Do you remember your favourite children’s book? I had many favourites including ‘The Secret Garden’, ‘The Magic Faraway Tree’ and later ‘What Katy Did’ and ‘Little Women’. My most loved times as a mother and teacher were introducing new books and reading aloud to children. Seeing the rapt expressions, hearing their giggles and sensing the children’s excitement when they were listening to a new story were priceless gifts.
I had the pleasure of speaking to Tina Clark, who writes as T.M Clark, the organiser of the CYA Conference. This conference brings together aspiring children and young adult writers and illustrators and presents workshops, talks and provides mentoring from established authors and illustrators. Editors and publishers are also on hand to offer their insights and knowledge of the industry and set you on the road to publication.
I asked the lovely Tina to shed some light on what we can expect from the conference this year.
What are some of the highlights of this year’s conference ?
1. Jacqueline Harvey- is running a master class on Junior and Middle Grade fiction: How and why she writes for children and how you can too. This is a particular stand out as Jacqueline was a teacher, so she knows not only how to write fabulous books (having just celebrated her millionth one!!) but also how to impart that same knowledge onto those in her class.
People in her master class are in for an awesome three hours. She’s also presenting a talk on putting it all on the table. How she celebrated selling her millionth book and taking questions from the audience.
2. Shaun Tan will be appearing via a Skype session where he will be explaining the process from conception to completion, and a few gems, like technology changes and the importance of editing and leaving out things in a book. Shaun will explore the problems participants are grappling with, from creative and publishing issues and sharing what he can about his own positive and negative experiences.
Who would most benefit from attending the conference?
Anyone who ever wanted to write or illustrate a children or young adult book as well as aspiring and already published authors would benefit greatly from attending the conference. The CYA Conference is multi- level targeted and no matter where you are in your publication journey you can benefit from attending these sessions. We expect a tangible outcome from every workshop, so we try and ensure that you are learning all the craft, information and also creating a network in the right profession at the same time.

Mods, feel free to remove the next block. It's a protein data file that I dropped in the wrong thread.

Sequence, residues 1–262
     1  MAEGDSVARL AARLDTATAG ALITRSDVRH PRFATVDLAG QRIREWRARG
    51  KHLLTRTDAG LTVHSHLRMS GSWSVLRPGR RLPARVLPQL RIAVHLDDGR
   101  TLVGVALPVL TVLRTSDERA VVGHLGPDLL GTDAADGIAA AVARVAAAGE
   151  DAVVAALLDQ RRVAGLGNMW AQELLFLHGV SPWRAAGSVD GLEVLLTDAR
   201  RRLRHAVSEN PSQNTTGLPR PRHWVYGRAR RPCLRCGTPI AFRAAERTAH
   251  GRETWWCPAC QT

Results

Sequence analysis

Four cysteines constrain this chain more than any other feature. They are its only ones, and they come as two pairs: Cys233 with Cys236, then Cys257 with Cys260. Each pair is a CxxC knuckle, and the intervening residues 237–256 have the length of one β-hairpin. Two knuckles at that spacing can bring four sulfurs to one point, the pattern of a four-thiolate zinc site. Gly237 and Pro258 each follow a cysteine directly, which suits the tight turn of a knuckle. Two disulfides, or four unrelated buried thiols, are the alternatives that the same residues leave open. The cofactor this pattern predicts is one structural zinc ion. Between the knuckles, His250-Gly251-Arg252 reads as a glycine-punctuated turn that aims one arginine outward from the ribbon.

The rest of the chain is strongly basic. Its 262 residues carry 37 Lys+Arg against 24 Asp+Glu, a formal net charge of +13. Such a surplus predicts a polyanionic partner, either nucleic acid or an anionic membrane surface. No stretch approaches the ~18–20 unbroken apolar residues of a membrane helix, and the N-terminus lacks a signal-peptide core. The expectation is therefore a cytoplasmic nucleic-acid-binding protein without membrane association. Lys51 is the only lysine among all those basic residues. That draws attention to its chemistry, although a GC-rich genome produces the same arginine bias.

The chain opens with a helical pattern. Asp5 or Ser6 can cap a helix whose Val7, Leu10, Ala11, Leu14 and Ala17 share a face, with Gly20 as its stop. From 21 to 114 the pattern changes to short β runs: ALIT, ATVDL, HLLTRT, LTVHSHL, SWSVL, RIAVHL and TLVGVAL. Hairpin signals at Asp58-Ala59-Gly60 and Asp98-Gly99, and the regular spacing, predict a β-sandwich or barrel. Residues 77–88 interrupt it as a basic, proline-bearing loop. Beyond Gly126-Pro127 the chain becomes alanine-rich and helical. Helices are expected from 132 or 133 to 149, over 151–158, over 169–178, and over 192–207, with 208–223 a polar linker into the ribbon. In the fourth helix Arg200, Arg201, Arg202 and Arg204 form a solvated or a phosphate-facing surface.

What else can we expect from the CYA Conference?
There are lots of amazing workshops:
Pamela Rushby is presenting a session on education vs trade. Which one should you aim for?
Pamela has written over 100 books for both trade and educational publishers.
Natalie Hatch- The Adolescent Brain- What drives adolescents and how to incorporate this into your writing.
There is a Publisher’s Panel where you can learn about the real process behind the editor looking at your submission. Many editors from around Australia will take you through the process of what happens before you receive the dreaded rejection letter.
There’ll be sessions with Phil Kettle on writing stories that kids will actually pick up and read.
Michelle Worthington will show us how to create dynamic picture books and Jake Harris will give a crash course in writing in the electronic games industry. Many more workshops are outlined on the CYA conference site. There really does seem to be something for everyone in these eclectic sessions.
Lastly, one of the teachers from Higaturu Oil Palm International School will be attending the conference. For the last few years the conference has been part of a project that has shipped books to schools and libraries in Papua New Guinea. The professional development and knowledge gained from the conference will be shared with other teachers and librarians across PNG. A wonderful initiative!
What were your favourite books as a child?
Growing up in Africa T. M.Clark enjoyed reading anything by Joseph Rudyard Kipling and ‘Jock of the Bushveld’ by Sir James Percy Fitzpatrick.
Tina adds, “But when my kids were younger, the two books that stuck with me were Fairy Dreams by author/illustrator Carol McClean Carr. We would spend hours looking for the treasures in this book and saying the rhymes over and over. Also Snow Bear by Lilliana Stafford which taught compassion and also to accept the individual and their uniqueness. As Tina, who runs the CYA conference, my favourites are all the book babies that CYA has been part of and helped create. I often wonder where they would be without the CYA Conference.”
So if you are keen to become the next Mem Fox or Andy Griffiths this might be just the conference for you. Come along and network, learn from the professionals and fine tune your story so it is ready for publication. Bookings are now open for sessions. The 12th CYA conference will be held in Brisbane on Saturday 1st July at the TAFE Queensland Brisbane – South Bank.
Freelance writer, wife and mother of three sons, occasional supply teacher and aspiring romance author, Michelle Beesley can be most often found in a coffee shop chatting with friends or beside a rugby field cheering on her favourite teams.
Michelle is a prolific—albeit reluctant—traveller, keen walker, bookworm and yoga enthusiast who loves anything pink or sparkly (including champagne!).